Gizem Gumuskaya

Department of Architecture

Form from within: scaling up self-constructing biological architectures through a novel application of synthetic morphogenesis

I present Architectures from Staged Self-assembly of Morphogenetic Building Elements (ASSEMBLE). This novel biofabrication method enables self-constructing biological structures at meters scale by merging the cutting-edge biological engineering method of synthetic morphogenesis with the centuries-old architectural method of discrete assembly.

ASSEMBLE arose from a recognition that in nature, simple building blocks, such as biological cells, self-organize into higher-order, complex structures with no descriptive blueprints at hand and no intelligent designer telling them what to do. Instead, they construct themselves through  rules encoded in their DNA. By editing these rules, synthetic biologists can now program living cells to build themselves into higher-order structures by design, via the process of synthetic morphogenesis. However, currently, the biggest programmable structures we are able to develop in this way are merely on the order of millimeters, which is too small for the architectural practice. ASSEMBLE bridges this gap by employing these millimeter-scale structures as distinct morphogenetic building elements that can self-assemble with one another through a set of physical assembly cues they are programmed grow on their surfaces. In this way, ASSEMBLE enables us to exploit biological cells as an infinite supply of building material, into which we can directly encode our desired structural specifications through the physical interface of DNA. The resulting self-constructing architectures not only can help us overcome the limitations of current architectural fabrication methods on Earth, but can also unlock novel construction practices in extreme environments, such as the outer space.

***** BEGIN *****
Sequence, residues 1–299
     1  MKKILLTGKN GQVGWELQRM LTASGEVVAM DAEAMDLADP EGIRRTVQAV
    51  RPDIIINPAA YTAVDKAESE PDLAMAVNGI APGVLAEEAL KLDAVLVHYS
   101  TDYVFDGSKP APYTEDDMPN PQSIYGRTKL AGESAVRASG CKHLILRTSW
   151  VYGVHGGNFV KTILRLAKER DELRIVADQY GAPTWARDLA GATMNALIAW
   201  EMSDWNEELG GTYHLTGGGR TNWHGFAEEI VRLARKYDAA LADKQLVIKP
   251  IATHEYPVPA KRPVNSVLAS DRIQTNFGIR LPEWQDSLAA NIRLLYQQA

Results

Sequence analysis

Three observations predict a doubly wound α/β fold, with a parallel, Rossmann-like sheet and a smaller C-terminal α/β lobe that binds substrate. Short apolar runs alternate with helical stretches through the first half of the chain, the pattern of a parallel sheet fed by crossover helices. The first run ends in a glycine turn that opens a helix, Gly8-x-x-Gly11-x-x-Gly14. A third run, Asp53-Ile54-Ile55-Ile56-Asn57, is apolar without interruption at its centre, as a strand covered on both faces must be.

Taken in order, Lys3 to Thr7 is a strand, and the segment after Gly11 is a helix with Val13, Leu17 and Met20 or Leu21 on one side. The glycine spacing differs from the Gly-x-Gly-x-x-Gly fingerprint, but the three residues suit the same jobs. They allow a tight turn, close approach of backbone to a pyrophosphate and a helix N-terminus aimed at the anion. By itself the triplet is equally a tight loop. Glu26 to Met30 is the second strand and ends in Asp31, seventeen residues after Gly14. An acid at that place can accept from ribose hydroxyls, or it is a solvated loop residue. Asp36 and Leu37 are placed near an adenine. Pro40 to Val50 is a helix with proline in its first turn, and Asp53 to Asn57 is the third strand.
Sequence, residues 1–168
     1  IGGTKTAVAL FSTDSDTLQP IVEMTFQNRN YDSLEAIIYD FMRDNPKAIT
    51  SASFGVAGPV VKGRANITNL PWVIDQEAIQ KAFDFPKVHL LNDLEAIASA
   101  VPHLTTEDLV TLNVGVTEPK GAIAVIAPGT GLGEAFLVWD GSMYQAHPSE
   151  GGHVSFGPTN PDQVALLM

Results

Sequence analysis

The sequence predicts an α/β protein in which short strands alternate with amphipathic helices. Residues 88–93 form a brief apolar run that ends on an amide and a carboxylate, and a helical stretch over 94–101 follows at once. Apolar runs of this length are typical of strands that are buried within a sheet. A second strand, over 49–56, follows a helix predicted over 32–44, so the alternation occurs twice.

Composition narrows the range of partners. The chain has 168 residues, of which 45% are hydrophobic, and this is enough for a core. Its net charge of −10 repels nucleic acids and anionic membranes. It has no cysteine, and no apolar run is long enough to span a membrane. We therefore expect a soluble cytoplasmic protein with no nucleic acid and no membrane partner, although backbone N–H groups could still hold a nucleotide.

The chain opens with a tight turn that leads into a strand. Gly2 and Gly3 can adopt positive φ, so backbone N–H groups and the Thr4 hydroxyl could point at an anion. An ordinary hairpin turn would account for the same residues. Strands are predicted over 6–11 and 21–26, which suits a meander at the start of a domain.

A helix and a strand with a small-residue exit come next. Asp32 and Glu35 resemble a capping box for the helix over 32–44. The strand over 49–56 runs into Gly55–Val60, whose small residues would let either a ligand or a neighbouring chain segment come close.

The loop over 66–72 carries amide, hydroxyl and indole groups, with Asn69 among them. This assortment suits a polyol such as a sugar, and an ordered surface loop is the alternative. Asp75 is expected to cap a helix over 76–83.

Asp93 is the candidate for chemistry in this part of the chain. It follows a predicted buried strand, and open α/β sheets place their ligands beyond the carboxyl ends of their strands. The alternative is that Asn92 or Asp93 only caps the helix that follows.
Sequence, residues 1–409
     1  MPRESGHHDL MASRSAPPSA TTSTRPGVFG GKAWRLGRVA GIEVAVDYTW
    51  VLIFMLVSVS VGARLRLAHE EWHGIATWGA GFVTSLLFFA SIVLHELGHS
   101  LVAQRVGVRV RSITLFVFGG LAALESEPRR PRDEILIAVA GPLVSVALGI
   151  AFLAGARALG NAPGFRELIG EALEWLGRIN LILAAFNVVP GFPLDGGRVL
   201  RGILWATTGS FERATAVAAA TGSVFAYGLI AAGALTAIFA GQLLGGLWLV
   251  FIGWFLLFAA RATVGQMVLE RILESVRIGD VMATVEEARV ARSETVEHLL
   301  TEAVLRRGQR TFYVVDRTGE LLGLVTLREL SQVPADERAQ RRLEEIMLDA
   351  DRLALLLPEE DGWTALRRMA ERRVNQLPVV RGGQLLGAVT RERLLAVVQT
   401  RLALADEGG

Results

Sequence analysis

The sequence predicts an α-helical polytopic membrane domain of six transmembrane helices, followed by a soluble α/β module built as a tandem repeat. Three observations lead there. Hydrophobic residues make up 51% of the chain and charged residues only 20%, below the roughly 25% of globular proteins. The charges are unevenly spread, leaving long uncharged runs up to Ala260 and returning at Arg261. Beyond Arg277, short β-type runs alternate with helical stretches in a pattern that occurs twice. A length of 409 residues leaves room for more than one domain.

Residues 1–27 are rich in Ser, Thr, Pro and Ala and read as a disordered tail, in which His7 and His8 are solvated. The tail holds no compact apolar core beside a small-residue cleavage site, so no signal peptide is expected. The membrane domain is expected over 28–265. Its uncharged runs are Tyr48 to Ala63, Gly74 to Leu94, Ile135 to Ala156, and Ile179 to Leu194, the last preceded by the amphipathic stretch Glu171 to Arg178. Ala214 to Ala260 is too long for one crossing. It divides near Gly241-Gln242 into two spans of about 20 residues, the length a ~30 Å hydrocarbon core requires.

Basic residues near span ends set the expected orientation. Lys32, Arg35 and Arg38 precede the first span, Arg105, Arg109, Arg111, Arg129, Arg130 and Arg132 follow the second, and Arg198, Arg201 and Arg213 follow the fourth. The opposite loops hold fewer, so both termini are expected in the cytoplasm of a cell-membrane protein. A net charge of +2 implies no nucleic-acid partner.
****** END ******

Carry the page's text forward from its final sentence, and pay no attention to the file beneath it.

Current construction methods fall short in enabling us to construct in outer space because they require the transportation of hefty machinery and materials, making spacecrafts’ gravitational exit impossible. Instead, using the biofabrication method ASSEMBLE, we can leave the Earth’s orbit with only a tube of engineered cells, grow them into architectural building blocks throughout the journey, and thereby build inhabitable structures in the extra-terrestrial destination.

More information via DSpace